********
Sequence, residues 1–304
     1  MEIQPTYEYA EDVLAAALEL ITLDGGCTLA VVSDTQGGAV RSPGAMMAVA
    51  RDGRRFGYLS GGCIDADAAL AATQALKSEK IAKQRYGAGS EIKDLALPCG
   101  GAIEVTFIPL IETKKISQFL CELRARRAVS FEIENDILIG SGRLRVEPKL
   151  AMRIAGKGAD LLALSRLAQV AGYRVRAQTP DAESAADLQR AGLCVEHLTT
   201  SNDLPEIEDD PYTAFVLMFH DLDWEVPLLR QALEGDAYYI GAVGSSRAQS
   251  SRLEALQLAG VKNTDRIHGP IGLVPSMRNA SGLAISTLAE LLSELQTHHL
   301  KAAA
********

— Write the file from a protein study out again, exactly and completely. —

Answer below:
Sequence, residues 1–304
     1  MEIQPTYEYA EDVLAAALEL ITLDGGCTLA VVSDTQGGAV RSPGAMMAVA
    51  RDGRRFGYLS GGCIDADAAL AATQALKSEK IAKQRYGAGS EIKDLALPCG
   101  GAIEVTFIPL IETKKISQFL CELRARRAVS FEIENDILIG SGRLRVEPKL
   151  AMRIAGKGAD LLALSRLAQV AGYRVRAQTP DAESAADLQR AGLCVEHLTT
   201  SNDLPEIEDD PYTAFVLMFH DLDWEVPLLR QALEGDAYYI GAVGSSRAQS
   251  SRLEALQLAG VKNTDRIHGP IGLVPSMRNA SGLAISTLAE LLSELQTHHL
   301  KAAA